GA Inmate Suicides Rise; Solitary Confinement Cited

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The number of Georgia inmates killing themselves has increased this year, surpassing the national average and leading some to link the rise to the state’s increased use of solitary confinement in its prison system, reports the Atlanta Journal-Constitution. Thirteen state prisoners killed themselves through Nov. 9; one was on Death Row and two were being held in strict isolation. Another prisoner being held in an isolation unit was found hanging in his cell, and died in the hospital days later. In 2016, by comparison, nine inmates committed suicide for the entire year. “There’s something going on,” said Lindsay Hayes of the National Center on Institutions and Alternatives who is an expert in preventing suicides at jails, prisons and juvenile facilities. “At a lot of prisons… they are decreasing the population of lower-level offenders. What remains are inmates serving longer terms. Many of those folks have greater mental health issues, which is one of the risk factors for suicide.”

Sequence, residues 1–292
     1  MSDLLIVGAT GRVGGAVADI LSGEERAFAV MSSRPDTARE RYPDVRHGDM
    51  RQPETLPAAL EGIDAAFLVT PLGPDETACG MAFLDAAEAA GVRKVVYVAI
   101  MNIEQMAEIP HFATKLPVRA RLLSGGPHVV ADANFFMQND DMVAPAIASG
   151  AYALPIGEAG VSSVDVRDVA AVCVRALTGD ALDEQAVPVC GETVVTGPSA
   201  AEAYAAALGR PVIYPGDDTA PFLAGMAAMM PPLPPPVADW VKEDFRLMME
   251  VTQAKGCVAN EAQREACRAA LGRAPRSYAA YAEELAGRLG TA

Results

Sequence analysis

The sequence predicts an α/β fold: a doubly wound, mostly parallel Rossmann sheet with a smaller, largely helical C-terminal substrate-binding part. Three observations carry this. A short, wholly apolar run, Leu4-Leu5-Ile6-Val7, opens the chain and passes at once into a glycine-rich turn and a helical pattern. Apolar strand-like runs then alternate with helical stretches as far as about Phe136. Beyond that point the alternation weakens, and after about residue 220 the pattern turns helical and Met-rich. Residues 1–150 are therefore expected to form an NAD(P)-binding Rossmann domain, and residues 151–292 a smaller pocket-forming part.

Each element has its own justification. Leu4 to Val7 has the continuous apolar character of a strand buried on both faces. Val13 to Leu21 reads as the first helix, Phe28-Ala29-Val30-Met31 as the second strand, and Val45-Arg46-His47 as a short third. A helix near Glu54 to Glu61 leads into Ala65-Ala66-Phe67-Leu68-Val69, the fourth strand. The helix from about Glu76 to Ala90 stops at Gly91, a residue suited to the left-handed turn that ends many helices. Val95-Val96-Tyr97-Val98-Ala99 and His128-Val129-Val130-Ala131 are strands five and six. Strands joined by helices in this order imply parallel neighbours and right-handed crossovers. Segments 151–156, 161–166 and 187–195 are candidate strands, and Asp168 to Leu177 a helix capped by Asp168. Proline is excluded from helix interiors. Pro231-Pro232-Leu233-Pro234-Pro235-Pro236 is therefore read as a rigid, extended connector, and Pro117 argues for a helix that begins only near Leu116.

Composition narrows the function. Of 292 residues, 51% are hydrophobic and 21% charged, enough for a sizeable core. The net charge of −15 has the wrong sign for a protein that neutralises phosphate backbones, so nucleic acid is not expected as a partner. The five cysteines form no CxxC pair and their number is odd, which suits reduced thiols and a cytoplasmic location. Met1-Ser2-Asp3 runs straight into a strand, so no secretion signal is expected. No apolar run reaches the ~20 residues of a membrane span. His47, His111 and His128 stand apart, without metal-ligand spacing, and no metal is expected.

“I suspect the increase in suicides may be related to the … increased use of solitary confinement,” said Sarah Geraghty of the Southern Center for Human Rights, which is representing inmates held in the highly restrictive special management unit at the prison in Jackson. Geraghty said they may be confined for years on end and sometimes suffer from serious mental illness. Her group has filed a federal lawsuit against the state, challenging the prison system’s use of solitary confinement. Some question whether staffing shortages means there are not enough officers to watch over troubled inmates. That means there can be a significant lapse in time before nearby prisoners can get the attention of officers. Nationally, inmate suicides started rising in 2013, says the U.S. Bureau of Justice Statistics,. In state prisons, the number of inmate suicides increased 30 percent from 2013 to 2014, the most recent national numbers available.

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